The drowning death of Rose Prettyman

I’ve returned from Minnesota with a pile of scans and documents that’ll take me months to pore through. Before I get started with that, I want to satisfy a request my uncle made a couple of months ago—to learn more about the death of his father’s mother. Dan, this one’s for you.

The drowning death of my great-grandmother, Rosa “Rose” Cecilia (Gores) Prettyman, in 1945 on the St. Croix River is an event that has been shrouded in mystery in my family for decades. In the absence of specifics, stories have arisen. As with other family stories obscured by time and the lack of retelling of first-hand accounts (see these earlier posts), imagined details have evolved to fill the vacuum of understanding. I have heard at least three versions of the story of Rose’s death: Continue reading

Bill Prettyman and his dog-powered cart

Today’s post is about an artifact that tells a charming story about another artifact—one made by my great-grandfather, C. A. Prettyman, for his son (my grandfather), William Prettyman.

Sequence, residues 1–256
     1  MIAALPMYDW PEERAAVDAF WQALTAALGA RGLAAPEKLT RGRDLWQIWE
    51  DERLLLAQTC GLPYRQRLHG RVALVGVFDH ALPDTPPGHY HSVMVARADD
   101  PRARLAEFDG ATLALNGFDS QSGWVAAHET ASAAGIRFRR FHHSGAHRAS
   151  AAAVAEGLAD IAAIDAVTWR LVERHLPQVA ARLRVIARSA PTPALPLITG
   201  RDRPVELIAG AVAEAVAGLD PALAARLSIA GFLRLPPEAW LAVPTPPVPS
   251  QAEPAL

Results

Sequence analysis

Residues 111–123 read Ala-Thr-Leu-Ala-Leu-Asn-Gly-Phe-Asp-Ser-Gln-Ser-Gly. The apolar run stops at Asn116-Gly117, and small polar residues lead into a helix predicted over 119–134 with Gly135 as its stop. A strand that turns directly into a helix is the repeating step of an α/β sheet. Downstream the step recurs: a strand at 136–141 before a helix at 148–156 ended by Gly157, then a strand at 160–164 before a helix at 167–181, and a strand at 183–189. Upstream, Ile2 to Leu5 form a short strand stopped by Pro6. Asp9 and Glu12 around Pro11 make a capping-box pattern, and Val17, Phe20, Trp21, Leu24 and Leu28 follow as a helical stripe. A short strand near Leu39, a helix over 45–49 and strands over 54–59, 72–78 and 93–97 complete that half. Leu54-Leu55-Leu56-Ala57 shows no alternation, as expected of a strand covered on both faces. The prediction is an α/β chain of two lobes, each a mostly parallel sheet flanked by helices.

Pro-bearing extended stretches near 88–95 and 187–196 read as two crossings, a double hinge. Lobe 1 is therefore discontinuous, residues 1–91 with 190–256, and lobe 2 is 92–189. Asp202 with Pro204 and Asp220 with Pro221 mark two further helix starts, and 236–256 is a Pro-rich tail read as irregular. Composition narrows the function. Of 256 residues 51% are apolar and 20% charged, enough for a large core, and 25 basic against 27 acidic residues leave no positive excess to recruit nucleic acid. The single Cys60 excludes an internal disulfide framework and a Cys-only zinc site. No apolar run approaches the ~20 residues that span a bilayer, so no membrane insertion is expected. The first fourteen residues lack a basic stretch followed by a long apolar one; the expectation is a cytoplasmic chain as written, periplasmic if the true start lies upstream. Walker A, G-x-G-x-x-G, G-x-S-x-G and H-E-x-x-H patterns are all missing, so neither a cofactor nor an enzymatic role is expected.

This will be a story about a business card. Rather, it’ll be about the stories that the business card tells. The business card is that of my great grandfather Charles Austin Prettyman (who went by the initials “C. A.”). The first story is about the life my great grandfather was leading during the time he was actively using this kind of business card. The second story is about a magical moment that happened about 15–20 years earlier. Continue reading

The drunk-driving triple homicide

While my grandfather, William Eugene Prettyman, was alive, he alluded on a few occasions to an accident he was in in which three people were killed.  To the best of my knowledge, he didn’t tell the full story to any of his family members, but he conveyed enough overlapping pieces to several family members that the skeleton of a confusing story slowly came into focus. Continue reading